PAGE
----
- When your dog is not working at the level you KNOW they are capable of
- More important for your dog to do what is correct than to stay at the post.
The judge is getting an impression of you and your dog from the moment you walk out onto the field
- introduce yourself and your dog, nothing more - no chit chat or discussing the weather etc.
- have dog under control, not racing around or dragging handler
- get dog focused at the beginning
- dog sent from the side, no more than a crooks length away.
- handler can be no more than a crooks length away from the handlers post
- dont let the judge bully you into something you are not comfortable with.
- if you need to walk away from the post to help your dog - DO IT. Take the point hit, the most important thing is your dog, not the points.
- your first and foremost concern should be getting your dog to work correctly.
- the perfect shaped outrun, is pear shaped or tear drop.
- from 9 to 12 it should stay at the same distance away from the sheep all around.
- the outrun should be judged when the lift is complete
- every time the dog stops 2-3 pt deduction
- every word you say to redirect or flank your dog or whistle is a point deduction, think one point for every word or whistle.
- if sheep leave set out before the dog gets there it is judges discretion for re-run.
- NEVER talk to the judge, if you believe you need a re-run talk to the course director - NOT judge.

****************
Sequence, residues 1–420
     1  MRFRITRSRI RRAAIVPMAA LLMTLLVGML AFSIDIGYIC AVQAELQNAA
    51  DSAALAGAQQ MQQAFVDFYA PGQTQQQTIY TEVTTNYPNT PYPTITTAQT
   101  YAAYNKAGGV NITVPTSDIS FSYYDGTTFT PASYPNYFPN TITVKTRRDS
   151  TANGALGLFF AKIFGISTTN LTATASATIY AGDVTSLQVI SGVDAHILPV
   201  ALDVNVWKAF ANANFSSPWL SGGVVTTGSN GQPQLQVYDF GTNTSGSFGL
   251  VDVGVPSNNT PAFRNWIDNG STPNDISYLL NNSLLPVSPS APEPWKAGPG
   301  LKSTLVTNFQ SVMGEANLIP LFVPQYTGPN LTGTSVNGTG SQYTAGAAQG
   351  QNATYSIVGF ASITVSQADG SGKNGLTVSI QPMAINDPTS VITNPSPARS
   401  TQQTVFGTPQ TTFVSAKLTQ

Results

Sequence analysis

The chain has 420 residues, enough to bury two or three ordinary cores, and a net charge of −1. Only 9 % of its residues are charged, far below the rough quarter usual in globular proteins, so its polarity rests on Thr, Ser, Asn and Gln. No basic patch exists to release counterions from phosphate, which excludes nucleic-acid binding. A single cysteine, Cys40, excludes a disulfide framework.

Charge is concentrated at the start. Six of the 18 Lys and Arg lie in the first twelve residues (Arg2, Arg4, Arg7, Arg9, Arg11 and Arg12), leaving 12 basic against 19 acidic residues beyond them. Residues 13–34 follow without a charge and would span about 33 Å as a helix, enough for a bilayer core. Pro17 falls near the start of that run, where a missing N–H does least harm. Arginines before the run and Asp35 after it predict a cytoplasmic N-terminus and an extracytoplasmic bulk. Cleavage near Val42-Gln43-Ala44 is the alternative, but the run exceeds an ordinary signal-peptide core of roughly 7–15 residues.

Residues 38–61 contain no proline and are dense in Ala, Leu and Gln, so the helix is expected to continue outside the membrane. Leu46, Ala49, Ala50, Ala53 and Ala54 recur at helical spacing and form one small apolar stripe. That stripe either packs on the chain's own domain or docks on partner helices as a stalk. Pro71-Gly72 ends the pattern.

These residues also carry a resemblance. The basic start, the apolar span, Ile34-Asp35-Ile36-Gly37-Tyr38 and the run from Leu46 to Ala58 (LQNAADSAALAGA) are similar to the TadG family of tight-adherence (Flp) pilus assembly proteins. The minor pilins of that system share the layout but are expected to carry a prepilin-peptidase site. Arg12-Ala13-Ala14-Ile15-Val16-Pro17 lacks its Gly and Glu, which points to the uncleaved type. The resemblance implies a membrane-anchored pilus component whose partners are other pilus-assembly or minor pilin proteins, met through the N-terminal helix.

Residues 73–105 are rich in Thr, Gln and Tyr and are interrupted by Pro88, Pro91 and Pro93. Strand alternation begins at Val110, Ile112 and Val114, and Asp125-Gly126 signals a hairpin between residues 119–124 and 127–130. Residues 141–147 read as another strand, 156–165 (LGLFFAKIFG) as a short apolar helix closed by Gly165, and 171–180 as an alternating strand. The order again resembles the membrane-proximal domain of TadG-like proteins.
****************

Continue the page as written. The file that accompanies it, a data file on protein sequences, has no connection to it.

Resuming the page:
- cross over - will take at least half of your points, but most will take almost ALL of your points.
- out of bounds - when in doubt give benefit to the dog
- no retrys - cannot send twice.
- typically if the dog is wide at the bottom they will be tight at the top, conversely if the dog is tight at the bottom usually wide at the top. Pear Shaped ideal.
Lift - The lift is the first impression of how run will go throughout the rest of the course
- dogs first approach to the sheep
- get your dog slowed down and handling the sheep correctly
- should be in a controlled motion toward the sheep
- rushing, points off
- going too slow, points off
- generally a point off for every command on the lift (lie down, knock it off etc)
- when the sheep come off the set out the direction should be straight to the handler, even if the dog under or over flanks.